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Become a member and receive career-enhancing benefits

Our top priority is providing value to members. Your Member Services team is here to ensure you maximize your ACS member benefits, participate in College activities, and engage with your ACS colleagues. It's all here.

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Literature Selections

Current Literature

January 23, 2024

Prehospital Blood Transfusion before Airway Control Shows Decreased Mortality in Patients with Severe Hemorrhage

Ritondale J, Piehl M, Caputo S, et al. The Impact of a Prehospital “x-ABC” Resuscitation Sequence in Patients with Severe Hemorrhage. J Am Coll Surg. 2024, in press.

There is increasing recognition of the reduction in mortality risk for injured patients with hemorrhagic shock treated with early transfusion and efforts to control hemorrhage rather than initial airway control. This article reported results from a prospective study of early prehospital transfusion of packed red blood cells (prior to endotracheal intubation) in patients with penetrating torso injuries and severe hemorrhagic shock (x-ABC group, n = 62).

Patients included in the study group were identified according to a prehospital care protocol developed by a consensus group of emergency medical services professionals and trauma surgeons. The x-ABC group received two units of packed red blood cells, two grams of intravenous calcium chloride, and two grams of tranexamic acid. Controls were chosen from an institutional trauma registry; propensity matching was used to create a matched control group (n = 31, ABC group). The outcome of interest was in-hospital mortality.

The data analysis showed that mortality in the x-ABC group was 13% compared to 47% in the ABC group. This study was presented at the plenary session of the 2023 meeting of the Southern Surgical Association.

In the discussion that occurred after the presentation, discussants noted that Glasgow Coma scores were low in both patient groups even though patients with head injury were excluded. The authors hypothesized that this was due to the severity of shock since none of the x-ABC group had received sedation or paralyzing drugs. Discussants agreed that the x-ABC approach has value for management of severely injured patients. 

The results also align with other research recently featured in JACS.

Pregnant Patients with Acute Cholecystitis Show Improved Outcomes after Cholecystectomy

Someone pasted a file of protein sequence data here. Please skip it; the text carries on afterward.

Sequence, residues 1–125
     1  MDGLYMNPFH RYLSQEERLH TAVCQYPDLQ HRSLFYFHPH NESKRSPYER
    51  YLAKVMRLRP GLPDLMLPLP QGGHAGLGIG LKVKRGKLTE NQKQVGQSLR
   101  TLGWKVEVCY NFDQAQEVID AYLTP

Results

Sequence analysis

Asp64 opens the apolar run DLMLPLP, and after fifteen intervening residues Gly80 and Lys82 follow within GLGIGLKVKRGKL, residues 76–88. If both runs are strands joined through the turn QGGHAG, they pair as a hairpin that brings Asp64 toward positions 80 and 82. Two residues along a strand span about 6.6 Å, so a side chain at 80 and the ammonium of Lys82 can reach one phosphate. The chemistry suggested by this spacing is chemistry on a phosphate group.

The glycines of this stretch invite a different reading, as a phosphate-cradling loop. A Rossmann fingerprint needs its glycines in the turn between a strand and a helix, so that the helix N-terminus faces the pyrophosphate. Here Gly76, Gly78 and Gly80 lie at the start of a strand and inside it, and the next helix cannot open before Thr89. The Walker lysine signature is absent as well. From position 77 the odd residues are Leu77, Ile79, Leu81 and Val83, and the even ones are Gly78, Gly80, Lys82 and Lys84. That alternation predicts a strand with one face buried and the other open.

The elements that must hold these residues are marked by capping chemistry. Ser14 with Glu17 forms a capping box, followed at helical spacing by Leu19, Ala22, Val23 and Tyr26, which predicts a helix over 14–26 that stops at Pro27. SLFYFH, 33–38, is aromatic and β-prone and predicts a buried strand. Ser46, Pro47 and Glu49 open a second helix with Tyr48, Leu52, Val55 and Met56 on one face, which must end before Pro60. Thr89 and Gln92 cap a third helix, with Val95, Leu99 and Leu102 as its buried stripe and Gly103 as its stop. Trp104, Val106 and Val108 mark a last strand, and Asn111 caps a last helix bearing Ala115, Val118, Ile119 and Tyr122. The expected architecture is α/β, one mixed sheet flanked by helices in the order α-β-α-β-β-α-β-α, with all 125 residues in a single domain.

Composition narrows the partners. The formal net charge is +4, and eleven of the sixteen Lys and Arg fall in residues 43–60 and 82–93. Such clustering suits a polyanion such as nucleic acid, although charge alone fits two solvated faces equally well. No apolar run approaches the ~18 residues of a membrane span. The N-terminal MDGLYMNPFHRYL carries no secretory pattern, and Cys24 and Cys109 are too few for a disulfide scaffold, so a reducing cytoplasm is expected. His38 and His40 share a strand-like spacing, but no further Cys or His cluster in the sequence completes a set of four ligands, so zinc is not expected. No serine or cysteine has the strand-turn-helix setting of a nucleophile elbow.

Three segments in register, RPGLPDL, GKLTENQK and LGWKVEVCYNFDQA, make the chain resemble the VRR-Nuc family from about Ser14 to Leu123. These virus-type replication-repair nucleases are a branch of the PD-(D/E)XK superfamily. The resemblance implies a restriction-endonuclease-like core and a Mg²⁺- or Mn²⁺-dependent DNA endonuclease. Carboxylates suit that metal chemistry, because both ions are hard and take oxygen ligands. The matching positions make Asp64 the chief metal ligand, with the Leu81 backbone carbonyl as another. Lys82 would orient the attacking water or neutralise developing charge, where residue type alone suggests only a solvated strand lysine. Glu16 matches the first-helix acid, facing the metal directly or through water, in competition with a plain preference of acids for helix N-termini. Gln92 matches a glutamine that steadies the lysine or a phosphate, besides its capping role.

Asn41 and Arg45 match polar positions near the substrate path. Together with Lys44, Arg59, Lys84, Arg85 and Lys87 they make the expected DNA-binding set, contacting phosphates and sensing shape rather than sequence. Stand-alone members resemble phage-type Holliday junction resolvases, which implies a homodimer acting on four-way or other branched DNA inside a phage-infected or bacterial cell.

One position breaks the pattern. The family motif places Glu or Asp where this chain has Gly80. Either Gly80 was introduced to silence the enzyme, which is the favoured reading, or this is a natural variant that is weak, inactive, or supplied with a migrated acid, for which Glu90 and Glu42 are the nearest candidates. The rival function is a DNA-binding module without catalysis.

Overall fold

Hantouli MN, Droullard DJ, Nash MG, et al. Operative vs Nonoperative Management of Acute Cholecystitis During the Different Trimesters of Pregnancy. JAMA Surg. 2024;159(1):28-34.

Clinical practice guidelines promulgated by national professional organizations recommend cholecystectomy for management of acute cholecystitis (AC) in all trimesters of pregnancy; despite these recommendations, available evidence cited in this article show that rates of cholecystectomy in pregnant patients who develop AC are less than 35%.

The authors used data from a national medical database to compare rates of adverse pregnancy outcomes (preterm birth, early live birth, and pregnancy loss) in pregnant women who developed AC (n = 5,759) with a propensity matched group of pregnant patients without AC (N=23,036). Cholecystectomy was performed in 34.5% of the AC group.

Rates of adverse pregnancy outcomes were higher in all patients who developed AC, but patients who underwent cholecystectomy had significantly lower risk for adverse pregnancy outcomes compared with AC patients who did not have cholecystectomy, regardless of pregnancy trimester.

The authors concluded that additional efforts to increase adherence to available clinical practice guidelines are needed to improve rates of cholecystectomy in pregnant patients with AC.

Laser Epilation Significantly Lowers Recurrence of Pilonidal Disease

Minneci PC, Gil LA, Cooper JN, Asti L, Nishimura L, Lutz CM, Deans KJ. Laser Epilation as an Adjunct to Standard Care in Reducing Pilonidal Disease Recurrence in Adolescents and Young Adults: A Randomized Clinical Trial. JAMA Surg. 2024;159(1):19-27.

Recurrence of pilonidal disease (acute inflammatory flares, chronic wounds, and fistulas) is a significant cause of reduced quality of life. Recurrent disease is thought to be the result of hair in the gluteal cleft, sedentary lifestyle, and chronic irritation of the gluteal cleft area. Available evidence has confirmed recurrence rates after standard treatment (improved hygiene and mechanical or chemical depilation of hair) of up to 66%.

The authors reported results of a randomized trial that compared laser epilation (applied with different energy levels according to skin type determined by the Fitzpatrick classification system) and standard care (n = 96) with a control group (n = 134) that received standard care alone. Laser epilation removes the hair shaft, follicle, and bulb using selective thermolysis. The outcome of interest was the rate of recurrence at 1 year of follow-up.

Recurrence rate of pilonidal disease was significantly lower in the laser epilation group (10.4% versus 33.6%). The authors concluded that laser epilation should be recommended as standard therapy for patients with pilonidal disease.